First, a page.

Tuesday, July 02 2019

High Intensity Interval Training (HIIT) has certainly made a splash in aquatic fitness classes over the last 3 years.  Tabata training seems to be the most popular HIIT format.  Nobody teaches this format better than Julie See, AEA’s Director of Education.  Julie shares 6 creatively designed Tabata rounds in the recently posted video, Bata Bing (Premium Plan).

In 2015, I participated in Julie's shallow water Tabata training program at an event where we both were teaching.   Up until this point, I was only doing a couple of Tabata rounds in my classes, assuming that was more than enough for my older populations.  However, Julie presented a full (45-minute) class featuring Tabata rounds that relied more on creativity and less on intensity.  She also used pre-formatted music that made the class super easy to teach.  This class exposed me to an entirely different approach to Tabata which was much more doable for my older populations.  Soon after, I began designing my Tabata rounds more creatively and I started using the pre-formatted Tabata music CDs from Yes! Fitness Music.   The end result was rave reviews in my classes and two new videos, Aqua Total Body Tabata and Aqua Tabata Deep, which were posted in the winter of 2016.   

Tabata training features a 4-minute round of 8 exercise sets performed at high intensity for 20 seconds each, with 10 seconds of recovery after each set.  Tabata  was originally developed for Olympic athletes and the research was based on ONE 4-minute Tabata round a week.  However, the goal was to perform this one round anaerobically at 85-95% of maximal heart rate.   That would be serious, ass-kicking, plyometric, speed of light, sweating bullets, all-out-effort.   Doing more than one round would be almost impossible.   

Get what I am trying to say here?  Putting Tabata into a group fitness training format where up to 8 rounds of 4-minutes each are taught would require quite a bit of intensity moderation.   To push the workload beyond aerobic into the anaerobic zone, a heart rate of 75% - 85% during the work cycles would be a more feasible goal. The exercises selected for multiple rounds of Tabata really should focus more on creative and meaningful movement, rather than just fast sprints and power moves.  And now let me dampen expectations even further by sharing a secret with you.   I honestly don’t think many of my students ever cross the anaerobic threshold.  Bless their hearts.  They work as hard as they can.   But they sure do love the days we do Tabata and they request it all the time. 

And so how can we teach a full class of Tabata rounds to our mixed classes that have much older, deconditioned students mixed in with younger, more-fit participants?  In Bata Bing, Julie demonstrates the perfect recipe for designing Tabata rounds with purposeful, creative exercises that can be progressed and regressed.   Let’s take a look at how she structured her 6 rounds.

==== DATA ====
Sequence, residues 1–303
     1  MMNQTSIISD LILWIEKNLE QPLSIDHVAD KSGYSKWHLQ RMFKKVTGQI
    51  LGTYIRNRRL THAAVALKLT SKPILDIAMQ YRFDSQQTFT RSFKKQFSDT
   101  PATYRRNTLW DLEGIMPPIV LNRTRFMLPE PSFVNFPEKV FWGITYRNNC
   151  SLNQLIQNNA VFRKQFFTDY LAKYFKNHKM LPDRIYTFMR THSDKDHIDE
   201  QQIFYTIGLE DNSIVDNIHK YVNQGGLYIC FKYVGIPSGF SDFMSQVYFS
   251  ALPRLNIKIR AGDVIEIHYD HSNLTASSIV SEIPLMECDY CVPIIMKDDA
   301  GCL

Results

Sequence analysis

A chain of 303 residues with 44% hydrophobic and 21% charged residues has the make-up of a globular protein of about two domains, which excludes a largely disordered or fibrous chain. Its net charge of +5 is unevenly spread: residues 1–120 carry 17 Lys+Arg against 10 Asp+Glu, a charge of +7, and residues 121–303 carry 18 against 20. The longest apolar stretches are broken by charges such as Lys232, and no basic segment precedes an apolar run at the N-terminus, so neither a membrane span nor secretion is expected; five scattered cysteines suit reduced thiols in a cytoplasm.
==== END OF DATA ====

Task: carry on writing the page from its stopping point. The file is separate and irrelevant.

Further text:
Round 1:  This round features bounded (Level I) movements.  Movement is progressed with changes in levers and force applied.

Round 2:  Neutral (Level II) and suspended (Level III) exercises are performed in this round.  Once again movement is progressed with levers, force applied and range of motion.

Round 3:  Get ready for high intensity plyometric exercises in this round.  The exercises can be modified to Level II elevated movement for less fit participants. 

Round 4:  After the plyo round, these exercises keep you grounded with anchored movement.  Intensity is progressed with vigorous arm patterning and forceful leg movements. 

Round 5:  This round is all about the core.  Many of the movements in this round are suspended but the core can also be recruited with vertical exercises for those students who don’t like to remove their feet from the pool floor.

Round 6:  The exercises in this round target upper body, balance and core stability. 

As you can see by the rounds that Julie designed, Tabata doesn’t have to - and shouldn’t be just about intensity drills.  Using pre-formatted music, you can structure Tabata rounds to achieve whatever goal you want as an outcome.  Strength?  Core?  Balance?  Not only do the students enjoy the formatted cueing of the music – you will enjoy the ease of teaching a class where you are simply a coach demonstrating exercises. 

Fitmotivation would like to extend BIG THANKS to Julie See for her innovative approach to aquatic fitness and her decades of inspiration.  Bata Bing is now streaming on   The DVD can also be purchased online in AEA’s AKWA Shop.  Stay tuned for Bata Boom, a deep water Tabata training program, posting in July 2017.

Other Fitmotivation videos featuring Tabata:

Aqua Total Body Tabata

Aqua Tabata Deep

Dual Aqua

Aquatic Muscle Mixes

Pool Jogging & Tabata

Author: Mark Grevelding is the founder of Fitmotivation. He is also a training specialist and consultant with the Aquatic Exercise Association’s (AEA). Mark has been active in the fitness industry for 22 years as a group fitness instructor, personal trainer, international presenter and a continuing education provider for AEA, AFAA & ACE.